“You can’t say everything.” This is one of the refrains I often cite to my students as we discuss historical documents. When ancient authors put quill to papyrus (or parchment), we need to remember that they had a limited amount of space, a limited amount of time, a limited number of goals, and often a very specific purpose for which they wrote.
Inevitably, therefore, an historical account will include some things that other historical accounts (of the same event) might omit, and they might omit some things that other historical accounts might include.
This reality is particularly important to remember when the Gospel accounts are analyzed and compared with one another. Differences aren’t (necessarily) the same as contradictions. Each author inevitability gives a limited perspective on the whole. They can’t say everything.
Unfortunately, in Bart Ehrman’s recent book, How Jesus Became God–The Exaltation of a Jewish Preacher from Galilee (HarperOne, 2014), this particular principle goes unheeded. In order to demonstrate contradictory Christologies in the New Testament (particularly amongst the Gospels) Ehrman leans heavily on what the Gospel authors don’t say. Put directly, Ehrman uses anargumentum ex silentio (argument from silence).
This discussion of Ehrman’s use of the argument from silence will be the final installment of a series of posts interacting with and responding to his new book (for the prior post see here, here, and here).
For Ehrman, a central example of contradictory Christologies comes from comparing Mark with Matthew and Luke. Mark, he argues, believes Jesus became divine only at his baptism, and was a mere man prior to that point. Matthew and Luke, in contrast, present Jesus as divine even from birth (since he was born to a virgin).
[Jesus] was already adopted to be God’s Son at the very outset of his ministry, when John the Baptist baptized him. This appears to be the view of the Gospel of Mark, in which there is no word of Jesus’s pre-existence or of his birth to a virgin. Surely if this author believed in either view, he would have mentioned it (238).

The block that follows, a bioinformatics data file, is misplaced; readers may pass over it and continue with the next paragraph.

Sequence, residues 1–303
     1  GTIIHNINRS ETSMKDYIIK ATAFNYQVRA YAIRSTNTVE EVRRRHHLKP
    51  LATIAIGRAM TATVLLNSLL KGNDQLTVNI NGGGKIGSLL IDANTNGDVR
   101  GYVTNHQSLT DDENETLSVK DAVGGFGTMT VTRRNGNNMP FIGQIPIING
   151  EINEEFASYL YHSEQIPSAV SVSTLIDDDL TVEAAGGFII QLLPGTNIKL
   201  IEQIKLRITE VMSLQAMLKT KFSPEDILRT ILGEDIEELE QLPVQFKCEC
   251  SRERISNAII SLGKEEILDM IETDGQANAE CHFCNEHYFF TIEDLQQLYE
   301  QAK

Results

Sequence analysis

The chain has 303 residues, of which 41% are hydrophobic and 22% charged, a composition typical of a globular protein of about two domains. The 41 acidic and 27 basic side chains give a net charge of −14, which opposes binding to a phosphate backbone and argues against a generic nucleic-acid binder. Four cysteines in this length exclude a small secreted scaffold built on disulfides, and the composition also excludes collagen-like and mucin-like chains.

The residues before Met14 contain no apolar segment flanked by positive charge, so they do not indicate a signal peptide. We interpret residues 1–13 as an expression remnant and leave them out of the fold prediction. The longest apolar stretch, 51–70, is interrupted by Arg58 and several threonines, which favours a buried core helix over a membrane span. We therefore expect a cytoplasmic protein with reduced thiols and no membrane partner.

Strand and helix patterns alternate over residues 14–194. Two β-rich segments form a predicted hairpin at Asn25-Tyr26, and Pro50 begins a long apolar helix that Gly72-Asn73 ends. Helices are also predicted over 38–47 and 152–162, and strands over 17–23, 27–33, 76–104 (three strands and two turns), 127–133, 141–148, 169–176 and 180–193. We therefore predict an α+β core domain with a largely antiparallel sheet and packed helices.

Here is where we see the clear use of the argument from silence. Ehrman assumes that if a New Testament author doesn’t mention something then they must not believe it. But, there is a reason why arguments from silence are regarded as fallacious. As noted above, we simply do not know why an author included some things and not others; and it is very dangerous to suppose that we do.
Think, for example, of Paul’s discussion of Jesus instituting the Lord’s Supper in 1 Cor 11:23-26—a topic he never discusses anywhere else. Now imagine for a moment that (for some reason) we didn’t have 1 Corinthians. We might conclude that Paul didn’t know about Jesus instituting the Lord’s Supper; indeed we might even conclude that Paul didn’t believe in the institution of the Lord’s Supper. And we would be flat out wrong.
Likewise, to suppose that Mark’s omission of the virgin birth means he doesn’t believe in the virgin birth (and thus must not share Matthew and Luke’s Christology) is an unsustainable line of reasoning. After all, Mark doesn’t even include a birth account! Should we conclude from that fact that he didn’t believe Jesus was born at all? Indeed, Mark omits many other stories that the other Gospels include; shall we conclude that he did not know any of them? Historical records are inevitably limited in scope; an author cannot say everything. Thus, we cannot draw hard and fast conclusions about things an author did not include.
Later, Ehrman makes the same argument from silence again. This time, he wants to show that Matthew and Luke don’t share John’s view of Jesus as pre-existent. He states:
I should stress that these virginal conception narratives of Matthew and Luke are by no stretch of the imagination embracing the view that later became the orthodox teaching of Christianity. According to this later view, Christ was a pre-existent divine being who ‘became incarnate through the Virgin Mary.’ But not according to Matthew and Luke. If you read their accounts closely, you will see that they have nothing to do with the idea that Christ existed before he was conceived. In these two Gospels, Jesus comes into existence at the moment of his conception. He did not exist before (243).
Notice particularly the last line: “He did not exist before.” But, how does Ehrman know that Matthew and Luke don’t believe Jesus existed before? Do they state such a thing anywhere? No. Ehrman is simply assuming this because they don’t directly mention Jesus’ pre-existence. In other words, he assumes this because Matthew and Luke are silent on the matter.
In the end, the repeated use of the argument from silence suggests that Ehrman is more intent on finding contradictions than he is on simply exploring the Christology of the New Testament authors. But, if one gives historical documents the benefit of the doubt, and doesn’t assume that omissions of a fact equal rejection of a fact, then the Gospel accounts actually prove to be quite complementary in regard to their understanding of Jesus as the divine Son of God.